The bigger cursor used in the Electronic Broadsheet improves upon this, see figure 11, but I believe it is intrinsically harder to relate mouse movements to pointer movements on larger screens, even if the screen size/pointer size ratio is constant. The distance between the mouse and the cursor is much longer, and the ratio between the mouse movement and the cursor movement is higher.

For a discussion of alternate input devices, see chapter 10.

6.2 Hardware

The hardware configuration that drives the displays consists of a Sun Sparcstation 370 with 32Mb of RAM. The Sun hosts a VME frame buffer from Univision, model UDC-4012. The frame buffer drives the main monitor, a Sony DDM-2801C, which features 2048 lines of resolution and a 60 Hz progressively scanned refresh.The second monitor is a standard 1k color display.

6.3 Software Platform

The X Window System (X11) has established itself as the standard window system on UNIX workstations [Scheifler, Gettys 87]. To run X11 applications one needs a server application that stands between the client applications and the hardware, i.e., the display, keyboard and pointer device.

The source code for MIT's sample server is freely available and was ported to the Univision board last year. The server allows the previously described configuration to be used as an X11 workstation and makes large amounts of existing software available. It also provides a standardized interface to the screen and input devices.

An alternate software platform would have been to interface the frame buffer directly. This would have opened for the use of a graphics acceleration chip in the Univision that the X11 server currently ignores. Also, the frame buffer hardware supports 12 bits per pixel, while the X11 server runs in a 8 bits per pixel mode. However, many of the graphics primitives that come for free with X11 would have to be written for the Univision.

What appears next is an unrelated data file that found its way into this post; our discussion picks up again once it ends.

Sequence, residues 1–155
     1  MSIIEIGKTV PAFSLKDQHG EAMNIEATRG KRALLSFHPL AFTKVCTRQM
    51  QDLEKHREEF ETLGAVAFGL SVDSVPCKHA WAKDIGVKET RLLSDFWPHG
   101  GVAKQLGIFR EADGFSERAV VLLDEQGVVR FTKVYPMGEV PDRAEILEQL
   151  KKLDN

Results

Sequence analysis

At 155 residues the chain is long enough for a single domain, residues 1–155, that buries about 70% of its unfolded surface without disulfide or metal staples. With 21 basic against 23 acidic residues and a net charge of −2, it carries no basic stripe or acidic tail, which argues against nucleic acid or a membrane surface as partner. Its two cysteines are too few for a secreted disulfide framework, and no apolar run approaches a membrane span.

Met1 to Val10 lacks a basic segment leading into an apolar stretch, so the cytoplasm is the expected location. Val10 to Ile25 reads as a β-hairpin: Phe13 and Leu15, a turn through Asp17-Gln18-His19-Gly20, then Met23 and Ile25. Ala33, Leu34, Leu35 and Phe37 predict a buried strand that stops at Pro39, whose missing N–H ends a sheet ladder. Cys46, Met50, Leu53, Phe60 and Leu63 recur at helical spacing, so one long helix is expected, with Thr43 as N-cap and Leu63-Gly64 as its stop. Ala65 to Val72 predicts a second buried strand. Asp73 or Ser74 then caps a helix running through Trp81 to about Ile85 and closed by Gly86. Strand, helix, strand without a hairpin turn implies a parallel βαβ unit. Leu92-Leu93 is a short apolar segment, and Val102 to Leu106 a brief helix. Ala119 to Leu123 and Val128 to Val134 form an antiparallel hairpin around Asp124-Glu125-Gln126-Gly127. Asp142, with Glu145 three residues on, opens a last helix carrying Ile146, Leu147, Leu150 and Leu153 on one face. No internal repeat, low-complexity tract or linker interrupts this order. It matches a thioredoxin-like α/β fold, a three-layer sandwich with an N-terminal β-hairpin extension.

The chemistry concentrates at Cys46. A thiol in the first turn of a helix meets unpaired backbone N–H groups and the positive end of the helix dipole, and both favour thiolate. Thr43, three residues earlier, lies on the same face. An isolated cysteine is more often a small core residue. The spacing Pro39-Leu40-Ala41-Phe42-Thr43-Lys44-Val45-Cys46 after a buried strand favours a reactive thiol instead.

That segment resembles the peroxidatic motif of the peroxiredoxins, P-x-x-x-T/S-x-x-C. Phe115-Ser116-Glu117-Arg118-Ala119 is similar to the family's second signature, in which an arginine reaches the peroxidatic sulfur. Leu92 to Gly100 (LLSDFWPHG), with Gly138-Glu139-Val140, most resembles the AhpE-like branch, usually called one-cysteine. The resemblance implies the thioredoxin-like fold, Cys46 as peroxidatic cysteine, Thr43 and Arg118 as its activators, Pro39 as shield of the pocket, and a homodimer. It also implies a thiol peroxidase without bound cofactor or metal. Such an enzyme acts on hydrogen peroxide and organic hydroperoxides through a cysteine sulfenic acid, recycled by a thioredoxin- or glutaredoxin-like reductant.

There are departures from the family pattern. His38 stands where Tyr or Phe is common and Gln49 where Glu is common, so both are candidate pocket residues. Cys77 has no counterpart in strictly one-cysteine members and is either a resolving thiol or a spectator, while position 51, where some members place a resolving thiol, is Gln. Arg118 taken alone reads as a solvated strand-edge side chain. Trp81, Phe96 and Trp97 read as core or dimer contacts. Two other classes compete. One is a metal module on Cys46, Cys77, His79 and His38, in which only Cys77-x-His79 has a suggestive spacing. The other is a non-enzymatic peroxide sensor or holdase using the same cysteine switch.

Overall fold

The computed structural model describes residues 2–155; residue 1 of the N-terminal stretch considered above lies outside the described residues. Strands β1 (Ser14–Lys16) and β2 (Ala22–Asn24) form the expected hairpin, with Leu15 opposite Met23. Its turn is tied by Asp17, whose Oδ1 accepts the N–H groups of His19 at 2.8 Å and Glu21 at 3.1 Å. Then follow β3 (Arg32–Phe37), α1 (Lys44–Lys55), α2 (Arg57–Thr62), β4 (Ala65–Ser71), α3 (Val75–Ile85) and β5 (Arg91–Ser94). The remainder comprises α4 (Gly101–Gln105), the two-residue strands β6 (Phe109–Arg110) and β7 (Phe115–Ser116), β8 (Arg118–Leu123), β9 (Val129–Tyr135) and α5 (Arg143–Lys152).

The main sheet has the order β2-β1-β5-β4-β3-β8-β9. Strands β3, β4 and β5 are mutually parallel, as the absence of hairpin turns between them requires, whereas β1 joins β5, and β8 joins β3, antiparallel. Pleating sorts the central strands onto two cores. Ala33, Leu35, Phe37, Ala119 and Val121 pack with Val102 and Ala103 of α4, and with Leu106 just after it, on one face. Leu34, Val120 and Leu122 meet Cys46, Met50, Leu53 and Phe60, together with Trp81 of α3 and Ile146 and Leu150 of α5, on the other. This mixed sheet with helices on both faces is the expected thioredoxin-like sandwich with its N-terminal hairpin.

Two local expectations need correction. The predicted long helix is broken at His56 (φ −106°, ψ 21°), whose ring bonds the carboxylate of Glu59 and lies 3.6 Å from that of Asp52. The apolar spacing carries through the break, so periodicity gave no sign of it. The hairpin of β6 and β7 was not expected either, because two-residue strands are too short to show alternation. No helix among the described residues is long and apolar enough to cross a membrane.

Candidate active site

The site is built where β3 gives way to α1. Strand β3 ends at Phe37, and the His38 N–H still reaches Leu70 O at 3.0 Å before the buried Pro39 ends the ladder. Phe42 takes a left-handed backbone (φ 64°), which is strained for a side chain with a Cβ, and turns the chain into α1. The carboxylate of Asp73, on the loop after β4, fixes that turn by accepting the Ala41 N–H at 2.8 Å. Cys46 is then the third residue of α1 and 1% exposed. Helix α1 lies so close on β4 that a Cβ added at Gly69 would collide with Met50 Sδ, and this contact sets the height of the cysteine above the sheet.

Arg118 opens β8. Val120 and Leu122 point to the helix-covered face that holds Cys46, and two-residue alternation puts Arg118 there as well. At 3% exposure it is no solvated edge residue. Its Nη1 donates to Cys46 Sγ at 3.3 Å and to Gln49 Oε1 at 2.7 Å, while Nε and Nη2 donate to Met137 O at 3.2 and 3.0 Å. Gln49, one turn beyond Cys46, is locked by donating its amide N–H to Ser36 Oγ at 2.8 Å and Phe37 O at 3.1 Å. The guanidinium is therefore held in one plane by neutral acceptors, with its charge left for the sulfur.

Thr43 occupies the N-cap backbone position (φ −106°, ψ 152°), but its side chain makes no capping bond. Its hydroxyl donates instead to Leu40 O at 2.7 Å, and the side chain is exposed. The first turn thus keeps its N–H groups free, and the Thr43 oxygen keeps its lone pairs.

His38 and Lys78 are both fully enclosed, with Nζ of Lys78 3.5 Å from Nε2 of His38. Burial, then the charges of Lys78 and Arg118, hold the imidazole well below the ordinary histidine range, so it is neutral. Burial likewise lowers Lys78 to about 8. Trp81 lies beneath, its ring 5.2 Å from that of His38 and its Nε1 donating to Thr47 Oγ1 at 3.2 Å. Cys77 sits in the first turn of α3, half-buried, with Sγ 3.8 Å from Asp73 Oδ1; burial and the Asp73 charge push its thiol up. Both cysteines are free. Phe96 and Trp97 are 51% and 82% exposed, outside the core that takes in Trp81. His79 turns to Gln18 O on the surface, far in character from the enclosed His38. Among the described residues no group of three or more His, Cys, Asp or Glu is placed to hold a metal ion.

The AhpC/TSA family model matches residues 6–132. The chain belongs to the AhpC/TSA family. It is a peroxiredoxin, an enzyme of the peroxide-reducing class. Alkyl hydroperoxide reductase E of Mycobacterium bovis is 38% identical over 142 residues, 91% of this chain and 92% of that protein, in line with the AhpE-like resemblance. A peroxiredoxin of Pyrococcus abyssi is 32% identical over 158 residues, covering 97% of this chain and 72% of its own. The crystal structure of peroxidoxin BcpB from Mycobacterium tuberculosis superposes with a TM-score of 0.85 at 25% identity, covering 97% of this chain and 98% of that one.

At some point, a decision to implement the Electronic Broadsheet under X11 was made. X11 sets some constraints and is not always optimal in terms of performance, but I believe the functionality achieved in the current system would not have been possible in any other way unless many more resources had been allocated.

6.4 The Second Screen

The Sun host machine has a console monitor with a resolution of 1152x900 pixels. Since the map is a distinct self-contained unit it was decided to put the map on the secondary screen; an optimal solution with regard to screen real-estate.

After the above described solution was implemented, some have argued that the main screen should contain the map instead of using the second screen since moving between two screens of different character could become a distraction. Another option argued for is to use the second frame buffer in the double-buffered Univision and switch back and forth between the two. The last solution would make room for a large map, but the reader would not see the map and the newspace at the same time.

I did not find any of these ideas compelling enough to reimplement the map for the 2k monitor. However, the Newspace project aims at making news presentation scalable to any device, and chapter 11 discusses some issues that came up when porting the system to a one-screen system with a tabloid-sized monitor.

6.5 Implications for the User

The described setup has been used as an X11 workstation for more than a year now. The color display has four times more pixels than an average X11 workstation, and it is used differently from a normal workstation. This difference cannot be measured in square centimeters only. When using the large screen, screen space management will shift emphasis from screen area conservation to screen overview. The overlapping windows found in most window systems are replaced by a "bulletin board". This is an important observation that will change the way people use and write software.

6.1 - Physical Dimensions and Setup
6.1.1 - The Ideal Physical Setup
6.1.2 - The Compromises
6.1.3 - The Keyboard
6.1.4 - The Mouse
6.2 - Hardware
6.3 - Software Platform
6.4 - The Second Screen
6.5 - Implications for the User

The Electronic Broadsheet - 30 JUN 95